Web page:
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Kitchen sink umbrella claim fastens .NET

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The fact that Microsoft has been in a frenzy of patenting its web services work shouldn't surprise anyone. So has IBM, and to such an extent that Redmond is justified in regarding its own vast list of claims as defensive.

But an umbrella claim that protects its .NET APIs, granted last week, highlights the extent of its determination to protect its interfaces. This claim references eight others filed in July 2001. As you can see from this diagram, it's fairly comprehensive.

A patent could lead to royalty claims against unauthorized attempts to clone portions of .NET, such as the Mono Project and DotGNU Portable.NET .

Mono developers had been confident that "its basic functional capabilities have pre-existed too long to be held up by patents. The basic components of Mono are technologically equivalent to Sun's Java technology, which has been around for years," according to the Mono FAQ.

Which remains as true today as it did two weeks ago, before the .Everything patent was granted.

Mono's plan was as follows:

"If Microsoft does patent some technology, then our plan is to either (1) work around it, (2) chop out patented pieces, (3) find prior art that would render the patent useless. "

Well, (1) is a declaration of intent, not a strategy; (2) would render the project useless, surely rendering the project as nothing but witty comments around some substantial chunks of #ifdef'd-out source code, which leaves us with three.

Now before going into Chicken-Licken mode - remember that a patent grant doesn't necessarily mean it's going to be enforced and that if even a tiny fraction of one percent of computer patents were enforced we'd have to unplug every machine in the world - let's have a look at the last paragraph of this patent:

[0101] Although the invention has been described in language specific to structural ii features and/or methodological acts, it is to be understood that the invention defined in the appended claims is not necessarily limited to the specific features or acts described. Rather, the specific features and acts are disclosed as exemplary forms of implementing the claimed invention.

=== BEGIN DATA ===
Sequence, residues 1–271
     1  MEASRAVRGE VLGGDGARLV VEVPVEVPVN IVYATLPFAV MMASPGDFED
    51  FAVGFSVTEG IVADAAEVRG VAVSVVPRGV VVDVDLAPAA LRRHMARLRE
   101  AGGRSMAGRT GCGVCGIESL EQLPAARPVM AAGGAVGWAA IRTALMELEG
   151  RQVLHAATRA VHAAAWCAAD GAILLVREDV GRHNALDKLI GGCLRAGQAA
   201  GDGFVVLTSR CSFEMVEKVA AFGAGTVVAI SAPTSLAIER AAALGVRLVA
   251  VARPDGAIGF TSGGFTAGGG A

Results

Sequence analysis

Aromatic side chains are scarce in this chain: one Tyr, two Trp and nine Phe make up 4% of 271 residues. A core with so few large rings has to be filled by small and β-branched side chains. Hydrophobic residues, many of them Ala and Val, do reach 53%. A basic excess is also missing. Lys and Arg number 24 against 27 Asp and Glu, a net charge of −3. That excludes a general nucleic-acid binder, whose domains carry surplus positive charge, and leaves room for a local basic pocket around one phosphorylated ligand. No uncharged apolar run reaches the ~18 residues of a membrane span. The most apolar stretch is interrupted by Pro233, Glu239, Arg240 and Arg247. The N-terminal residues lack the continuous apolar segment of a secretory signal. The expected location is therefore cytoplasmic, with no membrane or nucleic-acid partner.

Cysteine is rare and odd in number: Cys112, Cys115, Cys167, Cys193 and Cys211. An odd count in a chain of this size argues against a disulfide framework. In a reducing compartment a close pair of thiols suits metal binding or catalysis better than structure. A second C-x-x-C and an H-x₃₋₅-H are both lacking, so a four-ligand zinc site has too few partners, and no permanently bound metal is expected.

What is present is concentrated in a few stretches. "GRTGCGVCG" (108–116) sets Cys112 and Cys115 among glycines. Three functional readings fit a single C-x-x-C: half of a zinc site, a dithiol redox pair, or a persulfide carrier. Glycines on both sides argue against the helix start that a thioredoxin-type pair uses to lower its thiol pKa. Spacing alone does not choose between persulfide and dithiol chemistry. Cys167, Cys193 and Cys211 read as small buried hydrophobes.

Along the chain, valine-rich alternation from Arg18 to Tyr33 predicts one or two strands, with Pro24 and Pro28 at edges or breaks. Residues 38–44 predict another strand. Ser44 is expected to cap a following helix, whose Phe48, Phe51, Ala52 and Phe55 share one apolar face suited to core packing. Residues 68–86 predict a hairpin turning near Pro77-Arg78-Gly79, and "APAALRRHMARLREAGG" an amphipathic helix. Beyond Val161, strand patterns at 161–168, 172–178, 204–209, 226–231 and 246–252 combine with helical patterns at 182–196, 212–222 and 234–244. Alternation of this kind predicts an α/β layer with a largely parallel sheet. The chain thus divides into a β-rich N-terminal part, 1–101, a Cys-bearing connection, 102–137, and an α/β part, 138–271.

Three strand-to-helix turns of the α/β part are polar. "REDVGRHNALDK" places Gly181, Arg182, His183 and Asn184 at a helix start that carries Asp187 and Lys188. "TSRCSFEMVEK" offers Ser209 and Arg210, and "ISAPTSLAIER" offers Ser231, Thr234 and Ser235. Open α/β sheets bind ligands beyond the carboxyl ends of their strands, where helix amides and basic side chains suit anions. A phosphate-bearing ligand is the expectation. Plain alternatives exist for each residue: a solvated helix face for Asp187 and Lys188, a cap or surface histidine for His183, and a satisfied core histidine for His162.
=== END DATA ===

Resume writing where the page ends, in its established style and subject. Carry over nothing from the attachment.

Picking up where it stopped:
Which is a little strange and ominous after Microsoft sent the US Patent Office 30MB of API help files. Is this a specific protection of .NET APIs or a general claim to have invented web services, or indeed networked client-server computing, the universe, and everything? The details suggest the former, but section 101 suggests the latter.

If Java provides .NET with prior art, perhaps Sun could help out the Mono Project here, although there's little incentive for it do so, and every reason for it to respond with a "we told you so."

Historically Microsoft has not used patents to protect its business, preferring to tinker with the APIs themselves. Quite explicitly, as Brad Silverberg told Andrew Schulman in 1993: if Microsoft stops "evolving" the APIs they become commoditized. This policy, we can assume, is changing.

And to think only a year ago there was talk of basing GNOME on .NET APIs.

" How much do you love Microsoft's .NET? Enough to trust your Gnome applications to its APIs in the future?" we asked then.

Incoming! ®

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